Disastrous

Photo Courtesy of Melanie Hauser
I might have mentioned before that I’m originally from Houston. The situation there is dire … thankfully, all my friends and family seem to be holding their own so far. My younger sister lives with our 95 year old mother in the house we all grew up in. It has flooded once before, with Tropical Storm Allison. This time, so far (literally knocking on wood here), the water got up to the house but not into it. They haven’t had power since Saturday night. 

I’ve seen a lot of conjecture on the media about this situation, but there are a few things you should know.

 Houston has *always* had flooding problems. The place is basically a swamp they built a city on. Most often, it is localized, but any part of the city can get at least temporarily inundated. I always hated even the temporary inconvenience of flooding. I’ve had to clean up after a catastrophic flood only once, in 1976 … the first citywide flood I’d seen. I worked for The University of Houston, at the University Center (the student center) at the time and their “satellite” student center  flooded. Small wonder, as it was underground. The aftermath was awful, especially in the food service area. 
Some of my earliest memories back into the fifties are of our street flooding. Those floods rarely extended much beyond the curbs. The worst one of my childhood was Hurricane Carla. It got about 1/3 of the way up the yard. Unlike Harvey, Carla blew and rained and moved on. That’s what these storms are supposed to do.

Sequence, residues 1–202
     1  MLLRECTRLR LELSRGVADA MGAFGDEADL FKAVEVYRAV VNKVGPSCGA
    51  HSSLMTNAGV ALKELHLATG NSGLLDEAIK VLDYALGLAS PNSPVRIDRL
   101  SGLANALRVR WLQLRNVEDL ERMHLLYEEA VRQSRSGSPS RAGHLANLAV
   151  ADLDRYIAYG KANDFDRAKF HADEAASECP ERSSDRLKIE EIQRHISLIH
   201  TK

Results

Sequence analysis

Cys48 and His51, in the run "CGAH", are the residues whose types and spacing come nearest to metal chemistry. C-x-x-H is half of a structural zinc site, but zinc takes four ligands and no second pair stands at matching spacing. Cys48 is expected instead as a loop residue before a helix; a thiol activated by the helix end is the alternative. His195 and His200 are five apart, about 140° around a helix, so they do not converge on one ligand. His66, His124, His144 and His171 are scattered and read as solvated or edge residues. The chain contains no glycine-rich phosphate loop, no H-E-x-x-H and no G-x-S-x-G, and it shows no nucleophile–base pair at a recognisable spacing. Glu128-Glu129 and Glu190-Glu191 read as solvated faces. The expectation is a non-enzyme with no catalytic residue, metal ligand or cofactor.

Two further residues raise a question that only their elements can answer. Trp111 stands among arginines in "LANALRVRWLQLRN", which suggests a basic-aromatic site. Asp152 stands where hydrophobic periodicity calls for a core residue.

This tendency to flood is a major reason I decided to move away. I’m a wimp about flooding, I admit it. 

I hear the Mayor, Sylvester Turner, has gotten some undeserved flak about not ordering an evacuation. I knew him in college, he is one of my favorite people from those days. He’s a stand-up guy. He made the right choice. The critics need to understand two things …
ONE: anybody can choose to evacuate on their own. One of my sisters chose to do just that. There was plenty of warning. If you have a place to go, then get there as early as you can. 
TWO: where was anybody expecting to go? This storm in particular, was (and still is) a big question mark. San Antonio? Austin? Dallas? There were chances all three might be affected. It is easy to “say” evacuation … but as Houston found in 2005 after Katrina and when Rita was threatening, there are a LOT of people in Houston. People were literally stranded in the worst traffic jam in history. And in this case it very well might have placed hundreds of thousands at serious risk of death or injury. Can you imagine being stuck in gridlock then slammed with a storm? And for all anybody knew, they might be going someplace worse. There was no clear track to this storm. Still isn’t. They’re pretty good with predictions but sometimes, these storms will basically make their own weather. 

Twenty plus years ago, we thought we were high and dry here in central NC, 130 miles from the coast when Hurricane Fran threatened. It maintained hurricane strength all the way to Raleigh! It was one of the scariest nights of my life. Not so much flooding here, but trees were down EVERYWHERE and power was out for quite a while. 
In short, these are natural disasters. Disaster is the action word here. It’s never going to be good. 

Keep your thoughts and prayers with the people in harm’s way, especially my mom. 

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Thomas Fenske is a writer living in NC. 

http://thefensk.com

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A WeekendCoffee Backstory

img_6284If we were having coffee today I think I’d finally be willing to tell you about certain aspects of the backstory.